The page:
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Non-Life insurers report 31% growth in H1 profit due to lower expenses, reduced uptake of reinsurance

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The short term insurance sector reported a 4.97% decrease in total gross premium written to $114.33 million driven by a shrinkage in business generated from fire and motor insurance. Of that amount $50.13 million was generated through insurance brokers.

According to the Insurance and Pensions Commission report for the six months to June, prevailing economic challenges continue to affect the volume of business generated. Apart from aviation and farming insurance all the business classes recorded shrinkages in total GPW. However, farming and aviation insurance account for a negligible portion of total GPW.

Motor and fire insurance remained the main sources of business for non-life insurance companies accounting for a total of 61.53% of total GPW but recorded declines of 4.6% and 9% respectively.  The bonds/guarantees class was down 11.12% while health posted the largest class loss of 82.53%

There was however an increase in profit of 31.53% to $6.88 million from $5.23 last year driven by reduction in operating expenses coupled with reduced uptake of reinsurance. The increase in profit after tax translated into improved industry average return on assets (ROA) and return on equity of (ROE) to 3.68% and 8.24% from 3.01% and 6.86% for the half year ended June 30 2015.

According to the report, all non-life insurance companies reported solvency margins which were above the regulatory minimum of 25% with an industry average solvency margin of 74.74%.

The asset base for the sector was down to $191.06 million from $196.13 after a decline in premium debtors to $42.73 million.  “This is a normal trend given that when policies move towards their anniversaries more premiums are received while some are written off but some of the premium received is used to meet expenses thereby reducing premiums receivable and total assets in general,” said IPEC.

Total technical liabilities for the non-life insurance sector amounted to $54.90 million, reflecting a 5.05% decrease from $57.82 million which was reported as at March 31, 2016. “The decrease was mainly attributable to a decrease in Unearned Premium Reserves (UPR) which trend is normal as we move towards the end of an insurance policy term.”

The industry average liquid assets to total technical reserves improved to 125.36% from 117.63% as at the March quarter.  “The Commission noted with concern that some insurers may not have adequate liquid assets to liquidate their insurance contract obligations timely should the need arise. This is shown by their liquid assets to technical reserve ratios which were significantly below 100%.


Total cash and near cash assets amounted to $68.82 million as at 30 June 2016, reflecting no significant change from $68.01 million reported as at 31 March 2016. The overall liquidity position of the insurance sector improved during the quarter under review as reflected by an increase in the acid test ratio from 69.80% as at 31 March 2016 to 76.68% as at 30 June 2016.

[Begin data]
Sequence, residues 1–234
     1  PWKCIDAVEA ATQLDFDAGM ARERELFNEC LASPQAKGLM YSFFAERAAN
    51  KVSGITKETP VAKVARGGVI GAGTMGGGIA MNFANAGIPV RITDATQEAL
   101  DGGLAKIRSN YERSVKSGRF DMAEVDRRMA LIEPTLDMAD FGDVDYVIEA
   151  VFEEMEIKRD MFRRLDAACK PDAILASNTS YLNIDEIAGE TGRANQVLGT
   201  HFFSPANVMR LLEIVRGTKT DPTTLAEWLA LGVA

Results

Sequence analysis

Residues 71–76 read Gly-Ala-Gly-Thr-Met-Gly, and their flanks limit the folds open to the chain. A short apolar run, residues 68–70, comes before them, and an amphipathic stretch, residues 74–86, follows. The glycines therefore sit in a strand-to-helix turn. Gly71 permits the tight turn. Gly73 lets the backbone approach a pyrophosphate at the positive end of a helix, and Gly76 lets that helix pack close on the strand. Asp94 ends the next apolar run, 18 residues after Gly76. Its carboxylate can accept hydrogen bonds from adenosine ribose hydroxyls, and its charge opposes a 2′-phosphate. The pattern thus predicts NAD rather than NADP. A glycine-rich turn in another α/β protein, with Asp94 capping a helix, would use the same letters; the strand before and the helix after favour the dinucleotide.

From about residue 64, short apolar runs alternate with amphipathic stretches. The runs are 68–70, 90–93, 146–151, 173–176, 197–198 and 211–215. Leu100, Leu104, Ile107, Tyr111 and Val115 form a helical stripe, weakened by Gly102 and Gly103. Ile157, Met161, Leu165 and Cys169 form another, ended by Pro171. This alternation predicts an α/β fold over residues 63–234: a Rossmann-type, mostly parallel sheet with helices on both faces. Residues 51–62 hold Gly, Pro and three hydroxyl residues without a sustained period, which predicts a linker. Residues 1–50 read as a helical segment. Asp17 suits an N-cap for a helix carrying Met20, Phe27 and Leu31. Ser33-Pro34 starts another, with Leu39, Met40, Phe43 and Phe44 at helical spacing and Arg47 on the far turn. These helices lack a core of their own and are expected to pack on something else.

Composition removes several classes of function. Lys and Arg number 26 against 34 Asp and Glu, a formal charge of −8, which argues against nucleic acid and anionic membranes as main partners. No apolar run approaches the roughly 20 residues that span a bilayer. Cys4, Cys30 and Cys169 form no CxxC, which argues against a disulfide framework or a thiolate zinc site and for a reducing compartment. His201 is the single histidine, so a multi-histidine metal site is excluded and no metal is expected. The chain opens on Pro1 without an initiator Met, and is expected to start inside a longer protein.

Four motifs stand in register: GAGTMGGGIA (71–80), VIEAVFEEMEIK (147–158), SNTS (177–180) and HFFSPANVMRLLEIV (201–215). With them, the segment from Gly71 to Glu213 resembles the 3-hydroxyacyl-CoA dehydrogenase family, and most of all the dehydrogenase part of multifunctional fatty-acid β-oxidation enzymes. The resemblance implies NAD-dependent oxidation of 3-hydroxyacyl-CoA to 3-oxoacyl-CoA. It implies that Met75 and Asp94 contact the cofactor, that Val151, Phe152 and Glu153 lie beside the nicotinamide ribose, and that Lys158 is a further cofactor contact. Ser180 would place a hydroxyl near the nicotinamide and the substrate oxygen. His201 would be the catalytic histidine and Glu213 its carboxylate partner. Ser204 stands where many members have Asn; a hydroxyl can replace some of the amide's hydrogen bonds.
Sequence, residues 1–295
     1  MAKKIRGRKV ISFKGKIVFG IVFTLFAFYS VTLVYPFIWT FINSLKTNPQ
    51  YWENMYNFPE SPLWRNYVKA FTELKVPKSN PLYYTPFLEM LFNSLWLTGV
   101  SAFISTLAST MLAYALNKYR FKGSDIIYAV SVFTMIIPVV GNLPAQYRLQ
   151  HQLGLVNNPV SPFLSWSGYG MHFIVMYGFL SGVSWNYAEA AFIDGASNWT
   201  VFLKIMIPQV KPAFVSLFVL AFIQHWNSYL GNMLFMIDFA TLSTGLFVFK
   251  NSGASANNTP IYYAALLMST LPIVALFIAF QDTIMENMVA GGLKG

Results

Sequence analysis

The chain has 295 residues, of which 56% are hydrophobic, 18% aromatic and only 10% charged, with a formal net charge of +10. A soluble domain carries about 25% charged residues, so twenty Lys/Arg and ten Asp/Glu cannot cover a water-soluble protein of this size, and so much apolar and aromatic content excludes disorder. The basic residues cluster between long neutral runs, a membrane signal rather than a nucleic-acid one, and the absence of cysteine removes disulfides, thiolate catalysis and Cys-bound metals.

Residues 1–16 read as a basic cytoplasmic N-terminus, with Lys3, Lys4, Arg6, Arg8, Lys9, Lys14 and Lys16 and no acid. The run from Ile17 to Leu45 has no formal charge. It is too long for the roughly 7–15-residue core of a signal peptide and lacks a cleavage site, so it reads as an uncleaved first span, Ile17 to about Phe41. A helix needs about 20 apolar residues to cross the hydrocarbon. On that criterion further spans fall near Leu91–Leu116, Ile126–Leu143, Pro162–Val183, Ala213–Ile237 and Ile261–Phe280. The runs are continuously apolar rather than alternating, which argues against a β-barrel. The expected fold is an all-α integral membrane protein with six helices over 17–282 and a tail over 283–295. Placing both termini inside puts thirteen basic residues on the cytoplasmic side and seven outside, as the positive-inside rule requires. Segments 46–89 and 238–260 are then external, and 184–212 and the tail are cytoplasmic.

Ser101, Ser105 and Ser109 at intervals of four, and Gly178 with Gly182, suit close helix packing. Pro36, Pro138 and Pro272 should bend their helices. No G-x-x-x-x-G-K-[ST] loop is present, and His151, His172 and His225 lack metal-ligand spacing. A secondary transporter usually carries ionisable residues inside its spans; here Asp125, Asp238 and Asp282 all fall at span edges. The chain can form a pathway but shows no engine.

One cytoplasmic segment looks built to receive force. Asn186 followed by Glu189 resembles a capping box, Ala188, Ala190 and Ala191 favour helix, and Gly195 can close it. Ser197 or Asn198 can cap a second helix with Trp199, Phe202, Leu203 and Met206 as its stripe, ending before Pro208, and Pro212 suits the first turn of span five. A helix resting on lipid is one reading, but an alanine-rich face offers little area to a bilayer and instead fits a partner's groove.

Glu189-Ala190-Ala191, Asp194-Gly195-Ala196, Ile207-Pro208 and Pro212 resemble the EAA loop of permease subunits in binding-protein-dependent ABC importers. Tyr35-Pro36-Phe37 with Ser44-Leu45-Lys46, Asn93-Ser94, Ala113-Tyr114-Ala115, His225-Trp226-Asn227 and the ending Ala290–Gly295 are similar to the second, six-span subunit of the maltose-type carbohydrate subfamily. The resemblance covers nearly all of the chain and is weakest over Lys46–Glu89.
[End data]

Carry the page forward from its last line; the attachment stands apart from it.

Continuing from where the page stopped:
The asset base for non-life insurers remained skewed towards cash and cash equivalents as well as premium debtors with the two asset classes accounting for 48.76% of total assets.  The proportion of total assets attributable to cash and cash equivalents, prescribed assets, technical assets and equities which can easily match non-life insurance liabilities was considered acceptable at a total of 51.48%.

“However, the Commission urges non-life insurance companies to devise strategies to reduce the proportion of assets tied up in premium debtors as well as fixed assets. This will help to unlock value in terms of investment income as well as liquidity to enable timely settlement of obligations”

The average prescribed assets ratio of the industry was a 10.80% reflecting no significant change from 10.96% reported in the March quarter. Although the industry average prescribed assets ratio was compliant with the minimum requirement of 5%, there were 10 out of 20 operating insurers, who were not compliant with the minimum requirement.  Four of these insurers did not have any investments in prescribed assets.

Non-life insurers reported an industry average retention ratio of 57.31%  reflecting a marginal increase from 55.19% reported for the comparative period in 2015. “The marginal increase in the retention ratio indicates that the risk appetite as well as capacity of insurers remained largely unchanged.”

The retention ratio for individual insurers for the period under review ranged from 11.69% to 100%.

The industry average reinsurance creditors to reinsurance premium ratio decreased to 40.78% from 43.90%. This indicates a marginal improvement in reinsurance premium remittance by insurers.

Notwithstanding the industry average ratio of 40.78% some insurers exhibited high levels of  outstanding reinsurance premiums, some dating back to before  December 2015, with the reinsurance creditors to reinsurance premium ratios ranging from nil to 8,497.57% for the half  year period under review.

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